Will unrestricted indoor vaping, even where smoking is forbidden, encourage smokers to switch? No, according to the World Health Organization, which believes differential taxation of e-cigs and tobacco may be a more powerful policy tool.
In a paper published earlier this year, the WHO said governments should consider banning vaping indoors but use other strategies, such as high taxes on cigarettes, to encourage smokers to switch to vaping.
It added that further research should be carried out on the use of e-cigs – particularly on whether or not smoke-free outdoor areas should also be vape-free.
Current information seems to indicate that the greater dilution of second-hand aerosols outdoors might mean policies could differ there, the WHO said. However, governments should limit indoor use and align vaping policies with smoking wherever possible.
This is already done in many jurisdictions – including 25 countries, according to the WHO – and follows the recommendation of the 2016 WHO report to the parties of the Framework Convention on Tobacco Control (FCTC).
The latest WHO report said that while permitting vaping indoors could make it easier and more enticing for smokers to make the switch, this was a minor factor in the decision-making process and that others, such as health and cost, were generally cited as primary drivers.
The idea that allowing vaping indoors could minimise nicotine withdrawal for vapers – thus making switching more attractive – is also not important enough a reason to recommend the policy, the WHO said. It cited a survey report that only 12% of American vapers (124 out of 1034) said they found it difficult to refrain from vaping in places where they were not supposed to.
Instead the WHO argued that vaping indoors could re-normalise smoking and potentially lead to relapses, or initiation among never-smokers.
“Smoking or vaping might trigger them to relapse to smoking,” the WHO said. “For example, an experimental study among young-adult tobacco smokers reported that exposure to a video showing vaping significantly increased their urge to smoke as well as their desire for tobacco cigarettes and e-cigarettes. Similarly, another experimental study found that exposure to the e-cigarette cue but not the tobacco cigarette cue also significantly increased desire to smoke an e-cigarette.”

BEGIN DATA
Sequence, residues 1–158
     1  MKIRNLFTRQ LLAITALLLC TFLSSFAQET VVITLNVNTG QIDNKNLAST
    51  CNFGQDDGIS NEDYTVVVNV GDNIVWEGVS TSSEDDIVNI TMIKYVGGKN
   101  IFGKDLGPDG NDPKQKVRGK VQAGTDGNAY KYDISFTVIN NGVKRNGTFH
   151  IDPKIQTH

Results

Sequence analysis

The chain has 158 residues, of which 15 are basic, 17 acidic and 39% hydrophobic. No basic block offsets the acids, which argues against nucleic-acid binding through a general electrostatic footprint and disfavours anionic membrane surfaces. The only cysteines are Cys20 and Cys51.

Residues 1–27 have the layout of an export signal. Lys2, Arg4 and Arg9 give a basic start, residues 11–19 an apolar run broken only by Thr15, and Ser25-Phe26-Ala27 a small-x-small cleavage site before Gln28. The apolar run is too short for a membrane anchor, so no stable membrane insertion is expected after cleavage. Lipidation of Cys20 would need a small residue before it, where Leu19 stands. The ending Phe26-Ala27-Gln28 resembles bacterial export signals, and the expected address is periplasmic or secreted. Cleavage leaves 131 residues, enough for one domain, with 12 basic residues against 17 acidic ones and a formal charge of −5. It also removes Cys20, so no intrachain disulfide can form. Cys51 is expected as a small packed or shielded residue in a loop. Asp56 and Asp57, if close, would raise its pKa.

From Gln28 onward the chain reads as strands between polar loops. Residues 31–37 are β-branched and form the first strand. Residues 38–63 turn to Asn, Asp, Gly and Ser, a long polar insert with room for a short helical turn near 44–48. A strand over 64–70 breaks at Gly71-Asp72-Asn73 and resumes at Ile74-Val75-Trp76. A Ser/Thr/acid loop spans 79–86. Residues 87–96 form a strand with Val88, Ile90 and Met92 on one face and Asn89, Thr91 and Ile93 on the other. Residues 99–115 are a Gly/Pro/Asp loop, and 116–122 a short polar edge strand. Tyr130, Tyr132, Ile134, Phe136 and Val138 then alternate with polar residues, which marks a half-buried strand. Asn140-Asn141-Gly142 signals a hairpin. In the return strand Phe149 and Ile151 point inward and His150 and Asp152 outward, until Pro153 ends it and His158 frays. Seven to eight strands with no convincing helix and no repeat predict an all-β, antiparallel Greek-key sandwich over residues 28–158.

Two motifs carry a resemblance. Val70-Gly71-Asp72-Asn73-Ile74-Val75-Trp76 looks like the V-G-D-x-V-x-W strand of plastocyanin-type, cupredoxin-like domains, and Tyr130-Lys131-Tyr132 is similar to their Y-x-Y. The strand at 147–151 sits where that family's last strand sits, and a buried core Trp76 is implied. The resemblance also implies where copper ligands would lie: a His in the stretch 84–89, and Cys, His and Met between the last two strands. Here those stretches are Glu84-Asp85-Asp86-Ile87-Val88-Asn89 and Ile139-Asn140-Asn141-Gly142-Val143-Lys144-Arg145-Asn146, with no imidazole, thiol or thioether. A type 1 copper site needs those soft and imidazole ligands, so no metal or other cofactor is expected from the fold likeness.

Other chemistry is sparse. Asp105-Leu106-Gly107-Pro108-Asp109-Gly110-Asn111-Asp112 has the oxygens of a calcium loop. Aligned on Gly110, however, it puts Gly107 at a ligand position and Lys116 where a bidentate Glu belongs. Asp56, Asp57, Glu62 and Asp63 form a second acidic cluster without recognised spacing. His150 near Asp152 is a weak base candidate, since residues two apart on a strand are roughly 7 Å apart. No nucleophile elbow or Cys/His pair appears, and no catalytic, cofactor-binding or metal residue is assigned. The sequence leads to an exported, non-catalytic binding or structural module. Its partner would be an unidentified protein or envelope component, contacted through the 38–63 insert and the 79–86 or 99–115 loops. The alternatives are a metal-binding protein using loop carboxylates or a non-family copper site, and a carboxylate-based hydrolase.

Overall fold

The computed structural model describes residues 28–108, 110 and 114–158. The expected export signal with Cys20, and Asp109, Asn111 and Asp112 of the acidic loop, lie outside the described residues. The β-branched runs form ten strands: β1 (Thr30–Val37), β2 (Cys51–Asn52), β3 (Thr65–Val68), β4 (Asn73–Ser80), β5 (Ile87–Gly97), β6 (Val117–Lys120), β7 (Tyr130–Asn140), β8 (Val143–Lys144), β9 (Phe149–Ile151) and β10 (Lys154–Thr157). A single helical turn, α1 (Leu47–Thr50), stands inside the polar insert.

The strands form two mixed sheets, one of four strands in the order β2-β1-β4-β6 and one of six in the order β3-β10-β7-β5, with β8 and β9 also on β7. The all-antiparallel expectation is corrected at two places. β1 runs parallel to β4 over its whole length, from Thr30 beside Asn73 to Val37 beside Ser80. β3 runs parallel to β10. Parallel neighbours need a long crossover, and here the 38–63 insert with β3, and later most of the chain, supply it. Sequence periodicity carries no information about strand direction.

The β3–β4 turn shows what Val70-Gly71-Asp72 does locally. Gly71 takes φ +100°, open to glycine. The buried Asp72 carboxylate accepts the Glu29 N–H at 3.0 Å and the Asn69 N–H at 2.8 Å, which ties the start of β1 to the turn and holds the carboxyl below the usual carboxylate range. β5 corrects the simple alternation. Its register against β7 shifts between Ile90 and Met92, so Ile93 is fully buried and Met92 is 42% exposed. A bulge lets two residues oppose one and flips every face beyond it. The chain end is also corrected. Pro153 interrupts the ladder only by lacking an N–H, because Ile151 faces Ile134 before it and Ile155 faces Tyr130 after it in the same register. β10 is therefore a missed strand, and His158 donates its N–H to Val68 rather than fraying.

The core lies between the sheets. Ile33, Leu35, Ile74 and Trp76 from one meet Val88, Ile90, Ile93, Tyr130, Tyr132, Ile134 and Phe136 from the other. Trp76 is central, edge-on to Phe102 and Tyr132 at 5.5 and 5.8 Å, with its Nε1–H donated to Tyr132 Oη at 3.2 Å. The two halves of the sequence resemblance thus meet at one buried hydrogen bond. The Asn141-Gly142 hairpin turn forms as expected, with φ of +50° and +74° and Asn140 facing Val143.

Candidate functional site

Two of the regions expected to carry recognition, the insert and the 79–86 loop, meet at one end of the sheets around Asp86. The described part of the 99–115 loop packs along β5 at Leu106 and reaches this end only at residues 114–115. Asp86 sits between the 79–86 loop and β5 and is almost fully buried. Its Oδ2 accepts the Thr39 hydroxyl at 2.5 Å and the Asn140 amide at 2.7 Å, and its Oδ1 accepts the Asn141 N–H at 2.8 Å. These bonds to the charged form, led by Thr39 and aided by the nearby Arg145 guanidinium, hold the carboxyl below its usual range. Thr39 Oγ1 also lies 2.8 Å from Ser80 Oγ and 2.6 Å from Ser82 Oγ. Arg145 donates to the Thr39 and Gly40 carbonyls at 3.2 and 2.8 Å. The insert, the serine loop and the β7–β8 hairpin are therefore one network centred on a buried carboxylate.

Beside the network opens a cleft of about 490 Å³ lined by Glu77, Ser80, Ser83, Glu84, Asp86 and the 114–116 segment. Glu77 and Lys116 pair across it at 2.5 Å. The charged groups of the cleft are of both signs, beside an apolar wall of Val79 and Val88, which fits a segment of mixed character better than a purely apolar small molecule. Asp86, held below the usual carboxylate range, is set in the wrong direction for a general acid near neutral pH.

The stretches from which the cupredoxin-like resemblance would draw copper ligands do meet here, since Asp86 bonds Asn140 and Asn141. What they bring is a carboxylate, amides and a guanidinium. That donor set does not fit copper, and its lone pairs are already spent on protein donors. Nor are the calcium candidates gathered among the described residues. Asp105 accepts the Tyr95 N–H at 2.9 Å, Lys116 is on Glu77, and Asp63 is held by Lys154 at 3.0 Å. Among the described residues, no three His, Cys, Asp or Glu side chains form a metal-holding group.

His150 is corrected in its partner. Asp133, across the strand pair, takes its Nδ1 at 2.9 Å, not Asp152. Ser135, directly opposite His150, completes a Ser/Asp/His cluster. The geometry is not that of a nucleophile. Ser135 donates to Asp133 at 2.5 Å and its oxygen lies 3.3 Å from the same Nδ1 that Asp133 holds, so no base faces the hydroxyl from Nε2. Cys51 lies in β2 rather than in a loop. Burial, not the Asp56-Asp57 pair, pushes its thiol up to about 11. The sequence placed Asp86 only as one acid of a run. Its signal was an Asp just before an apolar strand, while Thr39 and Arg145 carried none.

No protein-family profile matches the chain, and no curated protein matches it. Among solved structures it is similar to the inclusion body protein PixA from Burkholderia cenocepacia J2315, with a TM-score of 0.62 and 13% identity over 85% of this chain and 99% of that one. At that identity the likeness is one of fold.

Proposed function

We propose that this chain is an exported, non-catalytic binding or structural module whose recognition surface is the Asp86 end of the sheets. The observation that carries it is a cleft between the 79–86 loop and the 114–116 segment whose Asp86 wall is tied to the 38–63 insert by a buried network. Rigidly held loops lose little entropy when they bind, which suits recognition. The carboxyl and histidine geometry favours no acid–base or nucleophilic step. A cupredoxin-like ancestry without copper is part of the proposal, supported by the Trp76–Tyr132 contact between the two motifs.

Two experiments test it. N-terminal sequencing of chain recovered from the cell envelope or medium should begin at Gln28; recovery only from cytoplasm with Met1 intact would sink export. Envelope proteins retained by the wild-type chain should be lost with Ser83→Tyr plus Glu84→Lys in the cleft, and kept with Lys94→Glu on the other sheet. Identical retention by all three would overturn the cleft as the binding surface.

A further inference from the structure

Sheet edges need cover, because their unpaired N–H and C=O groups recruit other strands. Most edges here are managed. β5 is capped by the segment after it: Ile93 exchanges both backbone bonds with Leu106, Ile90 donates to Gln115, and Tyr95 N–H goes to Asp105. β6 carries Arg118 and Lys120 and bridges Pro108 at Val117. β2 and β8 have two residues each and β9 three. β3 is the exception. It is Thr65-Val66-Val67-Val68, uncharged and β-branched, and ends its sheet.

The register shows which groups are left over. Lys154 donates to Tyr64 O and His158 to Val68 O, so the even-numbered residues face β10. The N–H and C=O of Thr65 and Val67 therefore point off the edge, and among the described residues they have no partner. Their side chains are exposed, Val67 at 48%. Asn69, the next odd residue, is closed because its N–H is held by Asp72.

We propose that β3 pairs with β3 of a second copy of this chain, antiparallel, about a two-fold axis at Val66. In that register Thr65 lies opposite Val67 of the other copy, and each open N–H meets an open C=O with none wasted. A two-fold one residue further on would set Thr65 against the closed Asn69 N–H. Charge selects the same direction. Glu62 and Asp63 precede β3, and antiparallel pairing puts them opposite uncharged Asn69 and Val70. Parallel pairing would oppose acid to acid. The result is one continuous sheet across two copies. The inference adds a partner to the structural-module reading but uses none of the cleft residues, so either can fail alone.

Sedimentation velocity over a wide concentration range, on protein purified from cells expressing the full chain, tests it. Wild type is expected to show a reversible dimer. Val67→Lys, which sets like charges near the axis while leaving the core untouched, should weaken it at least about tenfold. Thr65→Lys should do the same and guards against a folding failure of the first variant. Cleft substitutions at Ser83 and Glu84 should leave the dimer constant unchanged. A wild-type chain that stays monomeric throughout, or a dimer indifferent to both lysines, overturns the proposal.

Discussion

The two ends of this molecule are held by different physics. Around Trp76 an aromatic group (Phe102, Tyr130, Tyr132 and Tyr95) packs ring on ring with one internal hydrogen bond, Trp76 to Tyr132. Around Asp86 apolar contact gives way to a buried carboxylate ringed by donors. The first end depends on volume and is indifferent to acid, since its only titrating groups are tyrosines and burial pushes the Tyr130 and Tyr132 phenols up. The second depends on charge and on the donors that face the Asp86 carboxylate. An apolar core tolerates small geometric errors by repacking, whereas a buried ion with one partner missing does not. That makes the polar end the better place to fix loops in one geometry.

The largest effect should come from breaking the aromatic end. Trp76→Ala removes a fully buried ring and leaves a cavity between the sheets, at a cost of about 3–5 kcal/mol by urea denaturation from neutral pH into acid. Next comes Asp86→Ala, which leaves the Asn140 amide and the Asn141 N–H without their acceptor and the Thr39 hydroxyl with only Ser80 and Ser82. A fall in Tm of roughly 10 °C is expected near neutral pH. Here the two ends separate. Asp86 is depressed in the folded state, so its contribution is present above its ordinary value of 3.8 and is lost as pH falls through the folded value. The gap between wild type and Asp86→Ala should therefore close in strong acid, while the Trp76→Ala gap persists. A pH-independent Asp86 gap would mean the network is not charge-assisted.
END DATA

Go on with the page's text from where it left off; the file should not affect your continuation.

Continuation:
The WHO did add that one study stated: “Once these products are more common and the purpose of them is known, seeing people use them should normalise quitting behaviour.”
Meanwhile, it said, differing policies on smoking and vaping could be confusing for vapers.
The United Nations organisation, which exerts significant public policy influence across the globe, also suggested that vapers themselves might want to have vape-free areas to constrain the amount they use e-cigs or stop it entirely, just as smoke-free areas are supported by many smokers as an aid to quitting.
Vaping, it said, can also be a nuisance with strong odours. “While such nuisance concerns do not appear to have been quantified in surveys, we note that the 2016 vaper-friendly Global Forum on Nicotine conference actually banned participants from vaping in certain indoor areas due to the nuisance that aerosol clouds caused,” the WHO said.
What This Means: As often with this organisation, the WHO authors clearly had an idea where they wanted to go with their recommendation before they sat down to write it. Even the supposedly pro-indoor vaping argument section was largely a list of reasons why vaping should not be permitted.
This is not particularly surprising for an organisation known to be sceptical about vaping. But some of its arguments are fairly puzzling.
E-cig supporters have long dismissed the “renormalisation and gateway” theory of vaping and there are studies that strongly imply no significant impact of that kind exists. And it’s hard to see that nuisance odour in itself has much to do with public health. Suggesting vapers would not be able to read signs to figure out whether e-cigs were permitted seems like a weak argument overall.
This all may stem from the WHO’s stance on e-cigs as purely a cessation device and not a consumer lifestyle choice. It wants smokers to transition to vaping and then to nothing at all as quickly as possible and believes usage policies should reflect that.
Still, it’s a step towards leniency from a major leader of international policy that initially wanted to ban vaping products entirely.
– Freddie Dawson ECigIntelligence staff
Photo: Mike Mozart
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